In an interview with Howard Kurtz on CNN's Reliable Sources, ABC News' Chris Cuomo defended his network's decision to pay one of the women who engaged in online exchanges with Rep. Anthony Weiner, Meagan Broussard, Poynter's Julie Moos reported.
In the interview, Kurtz questioned Cuomo on the newsworthiness of the information and interview and the money involved. Kurtz noted that conservative blogger Andrew Breitbart "brought Broussard's name to ABC." See here the transcript from June 12's Reliable Sources.
Cuomo confirmed that ABC News paid Broussard for photos of her that she sent to Weiner -- and not pictures of Weiner -- and didn't dispute that she was paid a figure of $10,000 to $15,000, which was reported last week.
Cuomo admitted the decision to pay Broussard was his decision and he could have stopped it, but didn't because "it is the state of play right now. I wish it were not." Cuomo suggested that if ABC News didn't pay, another news outlet would and they'd lose the story. He said:
"I wish money was not in the game, but you know it's going to go somewhere else. You know someone else is going to pay for the same things...I wish it were not. You do, too. But it is the state of play, and to say otherwise I think is false.
But, StinkyJournalism notes that one of the reasons news outlets are advised by ethics codes against paying for news or information is because it does create a culture of paying for news and bidding for news. This "state of play" situation Cuomo references is exactly what media ethics guidelines seek to prevent.
As the Society of Professional Journalists' code of ethics explains:
"Be wary of sources offering information for favors or money; avoid bidding for news."
Last year, the SPJ's ethics chairman at the time, Andy Schotz, commented to StinkyJournalism that not only does paying sources lead to "bidding wars," but also the news outlets' credibility takes a hit.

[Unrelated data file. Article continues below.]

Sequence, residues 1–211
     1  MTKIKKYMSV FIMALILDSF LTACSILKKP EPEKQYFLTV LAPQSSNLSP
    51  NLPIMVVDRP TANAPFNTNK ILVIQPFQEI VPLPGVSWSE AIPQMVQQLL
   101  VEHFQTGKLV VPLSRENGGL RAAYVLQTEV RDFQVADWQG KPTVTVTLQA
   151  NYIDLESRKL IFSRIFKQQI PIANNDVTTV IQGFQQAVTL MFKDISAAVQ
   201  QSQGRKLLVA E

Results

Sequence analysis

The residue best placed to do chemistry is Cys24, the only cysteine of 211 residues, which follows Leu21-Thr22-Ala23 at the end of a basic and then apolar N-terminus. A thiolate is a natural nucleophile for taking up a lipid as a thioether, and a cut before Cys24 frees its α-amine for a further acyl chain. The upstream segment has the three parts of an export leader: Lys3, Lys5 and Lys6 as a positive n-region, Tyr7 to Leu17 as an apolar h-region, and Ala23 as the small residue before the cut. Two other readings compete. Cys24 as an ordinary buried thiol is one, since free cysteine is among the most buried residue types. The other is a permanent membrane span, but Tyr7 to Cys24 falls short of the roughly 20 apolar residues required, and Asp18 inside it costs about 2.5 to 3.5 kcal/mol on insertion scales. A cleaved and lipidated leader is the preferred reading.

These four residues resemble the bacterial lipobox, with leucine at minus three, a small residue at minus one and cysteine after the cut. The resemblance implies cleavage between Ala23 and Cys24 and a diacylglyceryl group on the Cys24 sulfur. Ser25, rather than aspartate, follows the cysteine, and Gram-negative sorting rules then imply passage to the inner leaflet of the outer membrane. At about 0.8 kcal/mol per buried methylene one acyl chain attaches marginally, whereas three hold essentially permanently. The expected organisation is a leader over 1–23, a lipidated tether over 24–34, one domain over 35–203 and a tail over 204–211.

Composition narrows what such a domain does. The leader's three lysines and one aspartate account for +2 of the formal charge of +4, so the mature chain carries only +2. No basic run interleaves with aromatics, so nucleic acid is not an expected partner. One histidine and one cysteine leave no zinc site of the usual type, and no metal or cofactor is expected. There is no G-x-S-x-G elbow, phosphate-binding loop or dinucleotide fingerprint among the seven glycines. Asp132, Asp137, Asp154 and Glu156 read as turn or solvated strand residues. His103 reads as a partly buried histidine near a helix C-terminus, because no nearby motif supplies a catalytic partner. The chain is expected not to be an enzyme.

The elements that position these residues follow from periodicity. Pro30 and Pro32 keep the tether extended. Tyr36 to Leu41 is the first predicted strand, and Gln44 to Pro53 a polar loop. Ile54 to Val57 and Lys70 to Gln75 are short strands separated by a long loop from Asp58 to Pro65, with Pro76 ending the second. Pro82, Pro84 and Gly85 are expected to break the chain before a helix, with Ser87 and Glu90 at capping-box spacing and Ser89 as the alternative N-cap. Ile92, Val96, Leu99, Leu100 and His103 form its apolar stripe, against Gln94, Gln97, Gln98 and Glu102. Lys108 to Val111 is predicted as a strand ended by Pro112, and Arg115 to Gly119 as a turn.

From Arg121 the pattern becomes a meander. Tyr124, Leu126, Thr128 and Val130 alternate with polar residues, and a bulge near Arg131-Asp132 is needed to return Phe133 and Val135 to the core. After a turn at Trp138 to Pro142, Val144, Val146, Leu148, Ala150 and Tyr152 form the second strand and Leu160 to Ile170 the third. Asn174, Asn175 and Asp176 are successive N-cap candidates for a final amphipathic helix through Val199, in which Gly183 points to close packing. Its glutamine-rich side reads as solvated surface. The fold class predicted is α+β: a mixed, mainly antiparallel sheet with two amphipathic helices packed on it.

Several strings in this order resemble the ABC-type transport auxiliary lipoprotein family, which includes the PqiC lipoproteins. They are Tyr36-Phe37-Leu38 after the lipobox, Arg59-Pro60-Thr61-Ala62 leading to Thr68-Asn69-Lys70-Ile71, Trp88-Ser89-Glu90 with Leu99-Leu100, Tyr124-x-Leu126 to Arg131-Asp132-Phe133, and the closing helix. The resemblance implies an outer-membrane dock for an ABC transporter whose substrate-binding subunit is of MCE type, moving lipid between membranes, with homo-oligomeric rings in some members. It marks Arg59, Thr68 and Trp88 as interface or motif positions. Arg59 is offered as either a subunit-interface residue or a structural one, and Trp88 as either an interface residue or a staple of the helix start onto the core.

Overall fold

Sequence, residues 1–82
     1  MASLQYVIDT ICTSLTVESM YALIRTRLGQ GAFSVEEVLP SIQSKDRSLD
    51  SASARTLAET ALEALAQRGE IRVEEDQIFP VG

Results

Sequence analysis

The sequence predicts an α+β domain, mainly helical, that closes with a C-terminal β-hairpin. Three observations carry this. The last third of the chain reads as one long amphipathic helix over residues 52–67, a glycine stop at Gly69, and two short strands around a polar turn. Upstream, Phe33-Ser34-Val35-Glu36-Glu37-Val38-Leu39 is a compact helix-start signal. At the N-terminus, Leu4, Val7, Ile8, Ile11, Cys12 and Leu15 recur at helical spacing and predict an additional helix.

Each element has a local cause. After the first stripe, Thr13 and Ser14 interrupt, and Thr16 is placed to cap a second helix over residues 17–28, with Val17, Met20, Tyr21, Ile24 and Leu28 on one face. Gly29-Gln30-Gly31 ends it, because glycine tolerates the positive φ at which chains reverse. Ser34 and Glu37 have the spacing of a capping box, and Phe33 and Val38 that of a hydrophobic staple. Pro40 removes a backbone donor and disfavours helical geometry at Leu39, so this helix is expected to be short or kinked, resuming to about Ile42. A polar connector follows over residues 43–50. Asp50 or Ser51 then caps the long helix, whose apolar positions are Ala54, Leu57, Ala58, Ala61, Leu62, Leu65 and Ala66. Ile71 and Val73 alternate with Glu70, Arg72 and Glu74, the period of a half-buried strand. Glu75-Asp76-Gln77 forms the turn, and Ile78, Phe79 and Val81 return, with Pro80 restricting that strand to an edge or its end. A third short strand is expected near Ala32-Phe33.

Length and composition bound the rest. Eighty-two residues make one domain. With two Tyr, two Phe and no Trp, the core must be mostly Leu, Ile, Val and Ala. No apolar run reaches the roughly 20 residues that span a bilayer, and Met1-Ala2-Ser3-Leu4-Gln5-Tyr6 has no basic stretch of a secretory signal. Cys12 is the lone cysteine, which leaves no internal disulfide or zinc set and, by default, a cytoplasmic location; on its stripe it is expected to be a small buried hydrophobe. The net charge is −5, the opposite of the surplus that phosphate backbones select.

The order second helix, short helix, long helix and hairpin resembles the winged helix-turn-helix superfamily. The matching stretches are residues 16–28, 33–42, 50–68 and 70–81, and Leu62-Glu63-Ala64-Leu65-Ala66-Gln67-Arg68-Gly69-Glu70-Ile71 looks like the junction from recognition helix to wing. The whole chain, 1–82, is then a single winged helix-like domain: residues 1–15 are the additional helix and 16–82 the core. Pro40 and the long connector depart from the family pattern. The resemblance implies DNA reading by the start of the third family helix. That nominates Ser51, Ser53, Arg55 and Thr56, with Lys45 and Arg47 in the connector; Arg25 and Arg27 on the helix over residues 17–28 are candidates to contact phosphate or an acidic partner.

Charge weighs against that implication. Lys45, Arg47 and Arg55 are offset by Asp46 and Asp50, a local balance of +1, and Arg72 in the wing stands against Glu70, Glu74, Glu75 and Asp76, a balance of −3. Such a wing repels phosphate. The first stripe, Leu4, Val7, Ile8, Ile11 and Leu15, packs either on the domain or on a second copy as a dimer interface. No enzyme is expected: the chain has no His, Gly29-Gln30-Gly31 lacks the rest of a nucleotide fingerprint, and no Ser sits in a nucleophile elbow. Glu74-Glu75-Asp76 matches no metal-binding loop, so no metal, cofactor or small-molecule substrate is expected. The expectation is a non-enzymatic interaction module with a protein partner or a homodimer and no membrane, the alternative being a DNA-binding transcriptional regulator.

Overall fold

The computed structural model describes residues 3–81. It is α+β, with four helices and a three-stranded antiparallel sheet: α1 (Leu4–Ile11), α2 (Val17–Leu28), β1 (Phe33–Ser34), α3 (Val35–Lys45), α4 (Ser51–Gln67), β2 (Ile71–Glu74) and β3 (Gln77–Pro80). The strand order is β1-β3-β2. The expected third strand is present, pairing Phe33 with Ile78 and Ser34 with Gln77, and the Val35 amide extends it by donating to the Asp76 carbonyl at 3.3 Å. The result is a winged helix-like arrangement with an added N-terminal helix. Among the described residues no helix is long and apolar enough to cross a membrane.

And, as Poynter's Julie Moos explained in a recent column, paying "licensing fees for stories...corrupts journalism."
Poynter's Julie Moos commented specifically about Cuomo's comments, arguing that Cuomo's "'state of play' defense argues that it’s justifiable to pay sources because the competition is paying them." StinkyJournalism wonders when it's OK to do something largely viewed as unethical just because everyone else is doing it?
Plus, Moos questioned why ABC News cared about getting the photos that Broussard sent to Weiner. She commented: "Anyone can send photos to a legislator, what matters to the public is how the legislator responds."
The New York Times also reported on checkbook journalism this past weekend. As the Times noted, ABC News has "the first-ever interview with Jaycee Lee Dugard," which is scheduled to be aired next month. Coincidentally (we think not), ABC News also shelled out a "six-figure sum for rights to home movies of Ms. Dugard" last year, according to the Times."
The Times reported that CBS News' chairman, Jeff Fager, criticized paying for stories and noted that it's become an increasing demand. “If you’re in the business of having to pay people to get a story, it can’t be worth it," he is quoted as saying.